We’ve had a lot of discussions about what should go as a “bug” and what should be a “feature” in our tracker. Turns out there’s quite a big gray zone here.
Example: a website has a table with AJAX-based pagination. Navigating to an entry detail and clicking “back” doesn’t bring you to the same page of the table.
The project manager considered it a bug – “back” doesn’t really go back, so the navigation is broken and it’s a serious user experience problem.
The developer, however, knew that the way to have that working is to assign a unique URL to each page of the table and use the history API to update the URL in the browser upon navigation, so that the back button really goes back.
Nothing was essentially broken within the code, nothing needed a proper “bugfix” or “debugging”; the way forward was to do some maintenance and introduce a new piece of technology to the UI. Doesn’t that sound more like a feature than a bug?
It’s a communication problem; a typical situation where mixing abstraction levels causes confusion. From the product perspective, it’s a clear bug – the behaviour is different from expected and causes some kind of harm to the user. But when you wear the technical hat, you see that the action steps don’t resemble bugfixing as understood by programmers.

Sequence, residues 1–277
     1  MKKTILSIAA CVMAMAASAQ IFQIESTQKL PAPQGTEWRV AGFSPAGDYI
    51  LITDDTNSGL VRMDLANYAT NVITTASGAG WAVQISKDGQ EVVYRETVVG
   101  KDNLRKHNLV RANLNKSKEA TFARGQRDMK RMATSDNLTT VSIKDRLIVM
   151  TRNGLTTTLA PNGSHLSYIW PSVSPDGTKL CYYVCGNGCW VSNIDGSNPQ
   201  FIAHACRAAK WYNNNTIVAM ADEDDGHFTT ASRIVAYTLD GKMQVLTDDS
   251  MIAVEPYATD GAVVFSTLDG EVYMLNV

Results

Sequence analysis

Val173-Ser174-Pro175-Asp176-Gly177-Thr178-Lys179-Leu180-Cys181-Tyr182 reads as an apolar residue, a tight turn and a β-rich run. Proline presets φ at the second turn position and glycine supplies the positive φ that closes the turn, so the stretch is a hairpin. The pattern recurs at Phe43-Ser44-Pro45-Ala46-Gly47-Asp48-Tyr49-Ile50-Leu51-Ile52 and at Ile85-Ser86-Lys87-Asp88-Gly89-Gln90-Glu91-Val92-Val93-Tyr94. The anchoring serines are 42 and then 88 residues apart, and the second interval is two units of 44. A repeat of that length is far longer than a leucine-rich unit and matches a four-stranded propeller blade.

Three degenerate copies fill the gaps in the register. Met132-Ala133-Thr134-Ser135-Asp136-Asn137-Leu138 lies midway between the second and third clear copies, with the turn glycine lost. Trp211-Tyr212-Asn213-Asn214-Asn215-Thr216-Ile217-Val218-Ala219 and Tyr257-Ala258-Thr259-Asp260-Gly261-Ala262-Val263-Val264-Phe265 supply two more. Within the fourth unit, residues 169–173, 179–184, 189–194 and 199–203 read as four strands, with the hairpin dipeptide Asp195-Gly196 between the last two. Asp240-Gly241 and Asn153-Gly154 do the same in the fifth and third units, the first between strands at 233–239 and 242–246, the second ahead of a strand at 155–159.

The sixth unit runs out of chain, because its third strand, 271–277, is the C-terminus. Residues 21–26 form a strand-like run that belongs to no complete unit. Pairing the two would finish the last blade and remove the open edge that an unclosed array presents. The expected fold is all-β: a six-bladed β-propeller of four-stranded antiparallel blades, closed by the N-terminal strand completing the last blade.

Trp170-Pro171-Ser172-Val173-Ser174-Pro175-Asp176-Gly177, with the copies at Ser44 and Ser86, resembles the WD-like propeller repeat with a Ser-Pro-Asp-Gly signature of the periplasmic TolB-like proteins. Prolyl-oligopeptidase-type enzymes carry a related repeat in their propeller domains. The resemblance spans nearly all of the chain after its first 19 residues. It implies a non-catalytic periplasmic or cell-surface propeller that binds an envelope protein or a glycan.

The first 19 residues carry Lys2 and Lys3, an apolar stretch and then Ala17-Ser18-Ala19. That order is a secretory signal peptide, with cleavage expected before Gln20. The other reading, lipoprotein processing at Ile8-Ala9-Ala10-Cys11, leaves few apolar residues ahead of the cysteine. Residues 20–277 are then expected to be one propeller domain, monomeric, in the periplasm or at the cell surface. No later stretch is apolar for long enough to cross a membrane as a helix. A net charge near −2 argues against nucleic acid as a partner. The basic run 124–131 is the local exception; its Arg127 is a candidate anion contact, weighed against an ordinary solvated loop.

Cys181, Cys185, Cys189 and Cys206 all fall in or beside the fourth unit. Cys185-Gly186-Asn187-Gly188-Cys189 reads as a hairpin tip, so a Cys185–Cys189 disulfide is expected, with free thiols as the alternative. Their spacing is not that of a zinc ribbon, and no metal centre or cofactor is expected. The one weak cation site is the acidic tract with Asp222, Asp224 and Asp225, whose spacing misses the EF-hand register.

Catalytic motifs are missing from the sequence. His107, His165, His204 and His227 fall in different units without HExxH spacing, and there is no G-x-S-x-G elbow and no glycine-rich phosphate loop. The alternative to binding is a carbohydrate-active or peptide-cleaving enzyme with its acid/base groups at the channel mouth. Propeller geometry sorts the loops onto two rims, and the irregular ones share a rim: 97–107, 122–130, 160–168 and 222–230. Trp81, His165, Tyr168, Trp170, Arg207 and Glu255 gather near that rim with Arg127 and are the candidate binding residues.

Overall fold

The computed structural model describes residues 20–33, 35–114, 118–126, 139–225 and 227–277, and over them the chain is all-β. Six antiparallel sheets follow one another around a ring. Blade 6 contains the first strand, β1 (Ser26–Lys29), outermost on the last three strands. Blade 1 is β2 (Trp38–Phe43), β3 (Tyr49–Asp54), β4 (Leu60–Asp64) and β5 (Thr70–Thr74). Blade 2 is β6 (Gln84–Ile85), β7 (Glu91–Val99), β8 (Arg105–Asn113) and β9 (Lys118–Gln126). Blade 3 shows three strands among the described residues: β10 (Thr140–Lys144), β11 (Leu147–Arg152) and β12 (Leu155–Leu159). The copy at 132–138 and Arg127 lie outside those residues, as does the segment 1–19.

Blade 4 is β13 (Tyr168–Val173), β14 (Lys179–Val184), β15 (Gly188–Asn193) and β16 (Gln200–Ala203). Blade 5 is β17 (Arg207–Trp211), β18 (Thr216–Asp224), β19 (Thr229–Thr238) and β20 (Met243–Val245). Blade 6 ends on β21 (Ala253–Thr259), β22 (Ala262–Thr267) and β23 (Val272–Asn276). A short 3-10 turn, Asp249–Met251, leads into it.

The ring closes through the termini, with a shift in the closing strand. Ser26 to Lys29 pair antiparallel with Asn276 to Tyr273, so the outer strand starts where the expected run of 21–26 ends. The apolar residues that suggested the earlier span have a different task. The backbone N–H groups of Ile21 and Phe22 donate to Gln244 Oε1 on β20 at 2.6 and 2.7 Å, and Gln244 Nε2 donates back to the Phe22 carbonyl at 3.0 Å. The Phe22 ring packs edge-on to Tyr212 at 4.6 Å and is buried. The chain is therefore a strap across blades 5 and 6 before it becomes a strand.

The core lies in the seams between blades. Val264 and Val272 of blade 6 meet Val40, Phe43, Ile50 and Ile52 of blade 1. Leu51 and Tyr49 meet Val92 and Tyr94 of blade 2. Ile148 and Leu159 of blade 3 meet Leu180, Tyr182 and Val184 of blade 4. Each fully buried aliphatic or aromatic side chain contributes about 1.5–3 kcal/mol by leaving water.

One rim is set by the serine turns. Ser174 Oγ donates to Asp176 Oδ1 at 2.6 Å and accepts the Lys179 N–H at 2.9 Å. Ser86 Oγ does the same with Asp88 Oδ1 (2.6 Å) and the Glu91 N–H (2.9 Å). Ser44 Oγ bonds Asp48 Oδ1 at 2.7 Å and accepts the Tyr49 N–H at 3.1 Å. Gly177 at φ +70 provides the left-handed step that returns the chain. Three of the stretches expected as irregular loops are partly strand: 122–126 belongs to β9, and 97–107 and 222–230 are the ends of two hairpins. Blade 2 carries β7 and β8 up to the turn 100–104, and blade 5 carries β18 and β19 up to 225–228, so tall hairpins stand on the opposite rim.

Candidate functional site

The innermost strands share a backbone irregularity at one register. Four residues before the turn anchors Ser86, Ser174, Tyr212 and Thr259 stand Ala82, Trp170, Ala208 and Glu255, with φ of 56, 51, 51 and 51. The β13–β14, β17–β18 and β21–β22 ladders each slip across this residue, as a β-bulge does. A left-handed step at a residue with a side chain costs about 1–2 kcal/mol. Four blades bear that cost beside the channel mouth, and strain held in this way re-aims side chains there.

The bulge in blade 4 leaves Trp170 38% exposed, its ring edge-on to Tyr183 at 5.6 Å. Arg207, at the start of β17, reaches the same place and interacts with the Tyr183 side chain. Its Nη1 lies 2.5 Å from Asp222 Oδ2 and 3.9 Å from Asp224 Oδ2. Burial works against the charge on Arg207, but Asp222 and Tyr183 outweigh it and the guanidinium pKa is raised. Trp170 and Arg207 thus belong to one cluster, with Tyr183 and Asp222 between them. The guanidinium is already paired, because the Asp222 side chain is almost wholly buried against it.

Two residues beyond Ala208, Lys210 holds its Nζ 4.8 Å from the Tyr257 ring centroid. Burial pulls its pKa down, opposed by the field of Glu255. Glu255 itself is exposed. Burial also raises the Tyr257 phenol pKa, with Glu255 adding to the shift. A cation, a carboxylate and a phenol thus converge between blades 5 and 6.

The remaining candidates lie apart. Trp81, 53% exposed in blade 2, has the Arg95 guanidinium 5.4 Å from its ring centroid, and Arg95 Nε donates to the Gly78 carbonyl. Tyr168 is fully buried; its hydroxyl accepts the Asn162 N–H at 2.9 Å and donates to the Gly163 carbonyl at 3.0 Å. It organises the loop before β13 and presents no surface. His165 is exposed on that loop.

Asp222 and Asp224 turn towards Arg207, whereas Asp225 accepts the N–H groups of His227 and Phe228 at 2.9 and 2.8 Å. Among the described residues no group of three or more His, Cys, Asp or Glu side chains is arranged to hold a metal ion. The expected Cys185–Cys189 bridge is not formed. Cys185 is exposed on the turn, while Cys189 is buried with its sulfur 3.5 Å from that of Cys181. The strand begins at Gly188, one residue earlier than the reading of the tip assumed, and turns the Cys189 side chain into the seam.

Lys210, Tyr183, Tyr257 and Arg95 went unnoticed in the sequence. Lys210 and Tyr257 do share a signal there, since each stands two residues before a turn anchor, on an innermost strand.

There’s two distinct pieces to information to each issue: what is it about (new feature? system behaviour other than expected?) and what are the action steps to fix it (write code? debug? change your infrastructure? all of them?). The proper question to ask here is: Which of these would be useful for issue taxonomy?
I ended up deciding that it’s the project perspective that matters – if there’s a problem that is hurtful to the product, it should get priority regardless of the fix being coding, debugging, refactoring or changing some colours.
It’s also noteworthy that “bugfix vs feature” is not a dichotomy – a lot of issues don’t fit here, like design and maintenance activities, so there’s still plenty of space to invent some taxonomy.